President Donald Trump has barged into Senate Republicans' delicate health care negotiations with a suggestion bound to muddle things: If you can't cut a deal on repealing the Obama-era law, then repeal it right away and then replace it later.
Trump is trying to revive an approach that GOP leaders and the president himself considered but dismissed months ago as impractical and politically unwise.
And it's likely to further complicate Majority Leader Mitch McConnell's task as he struggles to bridge the divide between moderates and conservatives. Senators have left Washington for the Fourth of July break without voting on a bill as planned.
"If Republican Senators are unable to pass what they are working on now, they should immediately REPEAL, and then REPLACE at a later date!" Trump wrote early Friday.
Later that day, McConnell told reporters after an event in his home state of Kentucky that the health bill was challenging but "we are going to stick with that path."
He added: "It's not easy making America great again, is it?"
The president tweeted his message shortly after Sen. Ben Sasse, R-Neb., had appeared on Fox News Channel's "Fox & Friends" to discuss a letter he'd sent to Trump suggesting a vote on repealing former President Barack Obama's health law, followed by a new effort at a working out a replacement.
Trump's suggestion has the potential to harden divisions within the GOP as conservatives like Paul and Sasse complain that McConnell's bill does not go far enough in repealing Obama's health care law while moderates criticize it as overly harsh in kicking people off insurance rolls, shrinking the Medicaid safety net and increasing premiums for older Americans.
McConnell has been working to make deals with members of both factions in order to finalize a rewritten bill lawmakers can vote on when they return to the Capitol the second week of July. Even before Trump weighed in, though, it wasn't clear how far he was getting. Trump's tweet did not appear to suggest a lot of White House confidence in the outcome.
"McConnell's trying to achieve a 50-vote Venn diagram between some very competing factions," said Rodney Whitlock, a veteran health policy expert who worked as a Senate GOP aide during passage of the Democrats' Affordable Care Act.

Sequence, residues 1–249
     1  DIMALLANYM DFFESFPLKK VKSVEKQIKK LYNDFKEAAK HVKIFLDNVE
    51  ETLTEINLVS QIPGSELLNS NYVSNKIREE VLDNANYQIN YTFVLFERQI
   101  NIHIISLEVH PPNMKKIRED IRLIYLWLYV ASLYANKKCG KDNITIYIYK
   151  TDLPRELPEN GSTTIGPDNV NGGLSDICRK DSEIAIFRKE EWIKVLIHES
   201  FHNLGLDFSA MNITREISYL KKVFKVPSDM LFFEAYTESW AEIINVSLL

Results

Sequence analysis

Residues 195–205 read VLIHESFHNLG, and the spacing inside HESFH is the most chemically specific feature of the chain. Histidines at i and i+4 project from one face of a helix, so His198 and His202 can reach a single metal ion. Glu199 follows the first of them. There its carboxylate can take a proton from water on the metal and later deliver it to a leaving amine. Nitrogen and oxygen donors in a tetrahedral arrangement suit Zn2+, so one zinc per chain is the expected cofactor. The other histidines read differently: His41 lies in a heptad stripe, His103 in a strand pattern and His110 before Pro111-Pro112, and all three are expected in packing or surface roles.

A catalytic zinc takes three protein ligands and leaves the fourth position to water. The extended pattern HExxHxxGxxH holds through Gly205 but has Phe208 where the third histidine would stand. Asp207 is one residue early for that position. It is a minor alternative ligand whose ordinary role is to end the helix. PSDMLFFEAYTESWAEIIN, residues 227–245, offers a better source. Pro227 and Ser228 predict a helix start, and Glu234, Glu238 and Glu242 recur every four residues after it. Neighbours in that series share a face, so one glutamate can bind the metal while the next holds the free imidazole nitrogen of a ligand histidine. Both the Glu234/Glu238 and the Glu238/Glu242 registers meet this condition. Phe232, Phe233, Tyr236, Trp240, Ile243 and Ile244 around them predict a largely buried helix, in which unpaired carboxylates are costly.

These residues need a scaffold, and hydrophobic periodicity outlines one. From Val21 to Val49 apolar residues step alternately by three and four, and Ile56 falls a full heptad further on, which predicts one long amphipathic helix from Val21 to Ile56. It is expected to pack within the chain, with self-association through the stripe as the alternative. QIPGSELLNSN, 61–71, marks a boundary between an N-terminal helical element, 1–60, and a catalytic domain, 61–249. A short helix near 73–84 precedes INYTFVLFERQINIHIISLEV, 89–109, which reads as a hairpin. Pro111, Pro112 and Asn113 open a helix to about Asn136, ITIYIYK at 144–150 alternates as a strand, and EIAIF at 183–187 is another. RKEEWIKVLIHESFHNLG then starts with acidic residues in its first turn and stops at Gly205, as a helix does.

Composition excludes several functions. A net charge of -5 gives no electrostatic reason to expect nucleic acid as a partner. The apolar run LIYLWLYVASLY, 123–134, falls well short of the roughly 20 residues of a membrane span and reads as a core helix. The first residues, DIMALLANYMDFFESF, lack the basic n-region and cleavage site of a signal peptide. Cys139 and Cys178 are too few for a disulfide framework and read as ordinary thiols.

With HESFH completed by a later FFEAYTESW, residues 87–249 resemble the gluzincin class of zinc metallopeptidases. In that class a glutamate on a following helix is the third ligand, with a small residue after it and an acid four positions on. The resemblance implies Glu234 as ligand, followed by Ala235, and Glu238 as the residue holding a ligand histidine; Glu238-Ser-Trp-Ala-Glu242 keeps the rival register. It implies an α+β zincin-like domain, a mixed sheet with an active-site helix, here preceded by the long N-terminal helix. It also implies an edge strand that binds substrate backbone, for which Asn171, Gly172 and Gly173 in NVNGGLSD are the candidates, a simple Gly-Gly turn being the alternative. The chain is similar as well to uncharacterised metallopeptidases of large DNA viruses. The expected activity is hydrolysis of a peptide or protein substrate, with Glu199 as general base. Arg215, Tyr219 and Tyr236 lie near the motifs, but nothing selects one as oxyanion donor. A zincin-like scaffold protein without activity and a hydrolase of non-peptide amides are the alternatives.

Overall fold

"So what the president tweeted takes one side of that Venn diagram and pushes it further away, and actually puts on the table an option that will probably drive that group away from seeking compromise with the other side of the Venn diagram."
Even before Trump was inaugurated in January, Republicans had debated and ultimately discarded the idea of repealing the overhaul before replacing it, concluding that both must happen simultaneously. Doing otherwise would invite accusations that Republicans were simply tossing people off coverage and would roil insurance markets by raising the question of whether, when and how Congress might replace Obama's law once it was gone.
The idea also would leave unresolved the quandary lawmakers are struggling with now, about how to replace Obama's system of online insurance markets, tax subsidies and an expanded Medicaid with something that could get enough Republican votes to pass Congress. House Republicans barely passed their version of a replacement bill in May, and the task is proving even tougher in the Senate, where McConnell has almost no margin for error.
Moderates were spooked as the week began with a Congressional Budget Office finding that McConnell's draft bill would result in 22 million people losing insurance over the next decade, only 1 million fewer than under the House-passed legislation which Trump privately told senators was "mean." But conservatives continue to insist that the bill must go further than just repealing some of the mandates and taxes in Obama's law.
"It's distressing to see so many Republicans who've lied about their commitment to repeal," Ken Cuccinelli, president of the Senate Conservatives Fund, said in a conference call Friday.
Underscoring the fissures within the GOP, conservative group leaders on that call welcomed Trump's suggestion but said it didn't go far enough because it could open the door to a subsequent bipartisan compromise to replace Obama's law. At the same time, a key House Republican, Rep. Kevin Brady, chairman of the House Ways and Means Committee, rejected Trump's suggestion, contending that it "doesn't achieve what President Trump set out to do."
"I really think the Senate's approach — certainly in the House — of not simply repealing but to start to put into place the elements that can make health care affordable, that's what the president set out to do," Brady said in an interview on C-SPAN's "Newsmakers" program."